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Senegal Votes; Darfur and Chad Simmer


This morning, two views of Africa. In West Africa, the people of Senegal are voting for their new president today. The country has a reputation for being one of the continent's more stable and functioning democracies. But in the turbulent Sahara Desert region, Chad is a different story.

The brutal conflict in neighboring Darfur has spilled over the border from Sudan into Chad. And attacks by armed factions on civilians and relief organizations near the border have intensified over the past few weeks. Hundreds of people are reported to have been killed and ten of thousands more displaced from their homes.

Joining us to talk about these contrasts in Africa is NPR's Ofeibea Quist-Arcton. She's in the Senegalese capital, Dakar.

Ofeibea, Senegal is voting for the new leader today? Tell us a little bit about what the voters' main concerns are?

OFEIBEA QUIST-ARCTON: Well, you're catching me at the polling station where, as we speak, waiting for the president to come and vote. Senegal is a stable democracy. But it's a very poor country. It exports peanuts. It has some tourism, a little fish, a lot of charm, and very little else.

President Abdoulaye Wade has been in power now for seven years. He came in after 40 years of the socialist government here in Senegal. He said he was going to bring progress, change, development and especially jobs. His opponents say he has failed, that his eye has been on the bigger picture, looking abroad and not doing the things that Senegalese need: bringing water, bringing electricity, and especially employment for the youth.

HANSEN: You talk about Senegal being poor, but the impression is the country works. Does it?

QUIST-ARCTON: It does. Especially when you compare it with other countries in West Africa - Liberia, Sierra Leone, both emerging from a civil war; Guinea, its neighbor, in conflict as we speak. Senegal has been a model democracy. But there's the thousands of young men taking to the high seas, they say in search of a better life and better jobs abroad, many of them dying at sea. and that is the international picture that Senegal has shown over recent months. So the opposition are saying these are the issues he should have dealt with. He has failed in that, and it's time for him to go. But comparatively, yes, Senegal does work.

HANSEN: And turn our attention now to Eastern Chad. Explain for us what's been happening there recently, because some aid groups have been comparing the level of violence there to that of Darfur.

QUIST-ARCTON: Now, when you talk about Chad, you've got to talk about the region - Chad, Sudan across the border where Darfur is located, and the Central African Republic. In this area of Africa, you have three countries which have concurrent rebellions: rebels trying to overthrow the government in Sudan, rebels trying to overthrow President Idriss Deby's government in Chad, and rebels across the border in the Central African Republic also trying to topple the government there. So it is a very turbulent region.

But Darfur is of course the focus of attention in the region. You have had this conflict now for going on four years. More than 200,000 people killed, more than two million displaced. And that has spilled over Darfur's borders into Chad. Now, it's Chadian civilians, who are facing these sorts of attacks by Janjaweed militia, these are Sudanese pro-government militia, but also armed Chadian factions who are attacking civilians. They're being displaced in their tens of thousands from their homes and people are being killed and wounded.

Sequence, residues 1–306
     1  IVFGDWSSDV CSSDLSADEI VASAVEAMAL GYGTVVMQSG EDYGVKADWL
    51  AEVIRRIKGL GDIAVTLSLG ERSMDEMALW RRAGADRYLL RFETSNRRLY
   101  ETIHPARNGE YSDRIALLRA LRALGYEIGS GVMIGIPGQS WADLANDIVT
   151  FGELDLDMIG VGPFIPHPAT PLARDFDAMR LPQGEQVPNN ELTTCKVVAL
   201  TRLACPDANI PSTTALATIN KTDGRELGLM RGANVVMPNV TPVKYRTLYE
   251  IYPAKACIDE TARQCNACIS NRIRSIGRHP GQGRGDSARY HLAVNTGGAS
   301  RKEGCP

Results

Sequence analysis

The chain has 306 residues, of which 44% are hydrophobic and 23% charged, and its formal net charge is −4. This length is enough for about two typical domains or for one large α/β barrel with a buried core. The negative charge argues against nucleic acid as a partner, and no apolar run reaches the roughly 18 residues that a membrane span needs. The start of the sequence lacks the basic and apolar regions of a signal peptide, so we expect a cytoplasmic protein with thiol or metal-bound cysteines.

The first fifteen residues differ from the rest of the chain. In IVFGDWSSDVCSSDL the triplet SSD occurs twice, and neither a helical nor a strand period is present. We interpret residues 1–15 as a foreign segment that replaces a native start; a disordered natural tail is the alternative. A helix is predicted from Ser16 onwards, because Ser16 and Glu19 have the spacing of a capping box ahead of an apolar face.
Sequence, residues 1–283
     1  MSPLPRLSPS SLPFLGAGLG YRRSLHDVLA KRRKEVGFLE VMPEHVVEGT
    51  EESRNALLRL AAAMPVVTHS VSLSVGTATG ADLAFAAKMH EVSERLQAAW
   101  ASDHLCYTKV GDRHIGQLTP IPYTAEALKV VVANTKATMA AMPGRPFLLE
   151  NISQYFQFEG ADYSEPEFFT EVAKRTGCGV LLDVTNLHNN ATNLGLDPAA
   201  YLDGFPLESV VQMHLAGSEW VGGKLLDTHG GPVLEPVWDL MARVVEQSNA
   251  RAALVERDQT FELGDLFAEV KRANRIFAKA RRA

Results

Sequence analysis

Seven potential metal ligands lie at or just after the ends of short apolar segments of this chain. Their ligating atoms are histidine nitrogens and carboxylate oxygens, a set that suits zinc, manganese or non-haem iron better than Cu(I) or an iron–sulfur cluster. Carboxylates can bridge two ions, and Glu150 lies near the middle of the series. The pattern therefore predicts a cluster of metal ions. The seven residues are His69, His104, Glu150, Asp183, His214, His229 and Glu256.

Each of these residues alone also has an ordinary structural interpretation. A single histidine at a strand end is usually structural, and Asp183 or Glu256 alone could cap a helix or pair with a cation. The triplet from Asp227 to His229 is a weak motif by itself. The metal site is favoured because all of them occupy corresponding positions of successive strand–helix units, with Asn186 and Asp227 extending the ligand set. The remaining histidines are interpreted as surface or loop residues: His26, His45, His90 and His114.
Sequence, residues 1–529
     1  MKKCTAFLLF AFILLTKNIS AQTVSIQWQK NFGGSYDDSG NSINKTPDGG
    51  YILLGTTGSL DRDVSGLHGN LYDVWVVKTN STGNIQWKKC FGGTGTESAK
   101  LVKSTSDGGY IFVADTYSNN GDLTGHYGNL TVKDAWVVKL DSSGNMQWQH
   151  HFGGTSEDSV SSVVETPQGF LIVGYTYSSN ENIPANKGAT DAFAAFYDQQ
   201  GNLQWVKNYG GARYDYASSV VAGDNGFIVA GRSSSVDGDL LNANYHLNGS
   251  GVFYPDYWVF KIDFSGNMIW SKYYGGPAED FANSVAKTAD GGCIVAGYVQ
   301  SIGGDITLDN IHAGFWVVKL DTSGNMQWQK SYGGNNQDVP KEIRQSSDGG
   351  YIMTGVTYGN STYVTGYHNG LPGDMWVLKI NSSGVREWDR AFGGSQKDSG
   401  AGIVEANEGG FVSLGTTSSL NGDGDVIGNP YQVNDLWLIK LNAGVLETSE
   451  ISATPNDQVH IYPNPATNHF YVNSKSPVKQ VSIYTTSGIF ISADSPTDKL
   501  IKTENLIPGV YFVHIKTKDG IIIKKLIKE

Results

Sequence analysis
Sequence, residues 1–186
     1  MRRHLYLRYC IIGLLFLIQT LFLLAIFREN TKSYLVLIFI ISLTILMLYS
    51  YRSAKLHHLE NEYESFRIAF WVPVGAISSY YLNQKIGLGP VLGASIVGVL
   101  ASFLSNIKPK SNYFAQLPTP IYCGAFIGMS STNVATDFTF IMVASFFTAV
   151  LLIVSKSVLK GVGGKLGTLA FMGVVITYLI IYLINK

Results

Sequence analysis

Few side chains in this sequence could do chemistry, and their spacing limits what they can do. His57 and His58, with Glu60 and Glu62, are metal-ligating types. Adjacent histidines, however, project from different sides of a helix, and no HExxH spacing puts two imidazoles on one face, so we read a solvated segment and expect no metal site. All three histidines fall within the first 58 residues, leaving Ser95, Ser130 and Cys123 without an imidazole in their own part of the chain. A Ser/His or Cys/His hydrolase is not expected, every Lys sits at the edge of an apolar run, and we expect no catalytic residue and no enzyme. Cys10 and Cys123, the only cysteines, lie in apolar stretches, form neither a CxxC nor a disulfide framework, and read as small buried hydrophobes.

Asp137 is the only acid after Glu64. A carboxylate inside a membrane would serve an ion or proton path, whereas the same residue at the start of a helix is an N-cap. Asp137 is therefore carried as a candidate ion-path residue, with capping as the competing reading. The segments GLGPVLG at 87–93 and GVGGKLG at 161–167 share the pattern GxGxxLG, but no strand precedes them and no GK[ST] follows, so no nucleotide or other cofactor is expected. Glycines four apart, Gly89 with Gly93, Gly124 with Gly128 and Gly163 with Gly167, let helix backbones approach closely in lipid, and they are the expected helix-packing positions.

HANSEN: What would be the obstacles to sending peacekeepers to Chad? The U.N. Security Council is considering a peacekeeping force. And what about talks between Sudan and Chad to end this violence?

QUIST-ARCTON: And there are sporadic talks between Sudan and Chad. And each country accuses the other of supporting the others rebel. Chad in principle agrees to U.N. peacekeeping monitors at the border, Central African Republic as well. But it is Sudan, which has been really opposed to U.N. peacekeepers in Darfur, although the Sudanese President Omar Hasan Ahmad al-Bashir has sort of said he agrees to what he called a hybrid force, U.N. peacekeepers and African Union peacekeepers; that hasn't happened.

The situation continues to deteriorate. More people are being attacked. So we'll have to see what can be deployed when, and whether it will be able to keep the peace. But of course there's no peace to keep at the moment.

HANSEN: NPR's Ofeibea Quist-Arcton. She's speaking with us from Dakar, Senegal, where presidential elections are going on today.

Ofeibea, thank you very much.

QUIST-ARCTON: Always a pleasure. Transcript provided by NPR, Copyright NPR.

Liane Hansen
Liane Hansen has been the host of NPR's award-winning Weekend Edition Sunday for 20 years. She brings to her position an extensive background in broadcast journalism, including work as a radio producer, reporter, and on-air host at both the local and national level. The program has covered such breaking news stories as the wars in Iraq and Afghanistan, the capture of Saddam Hussein, the deaths of Princess Diana and John F. Kennedy, Jr., and the Columbia shuttle tragedy. In 2004, Liane was granted an exclusive interview with former weapons inspector David Kay prior to his report on the search for weapons of mass destruction in Iraq. The show also won the James Beard award for best radio program on food for a report on SPAM.
Ofeibea Quist-Arcton
Ofeibea Quist-Arcton is an award-winning broadcaster from Ghana and is NPR's Africa Correspondent. She describes herself as a "jobbing journalist"—who's often on the hoof, reporting from somewhere.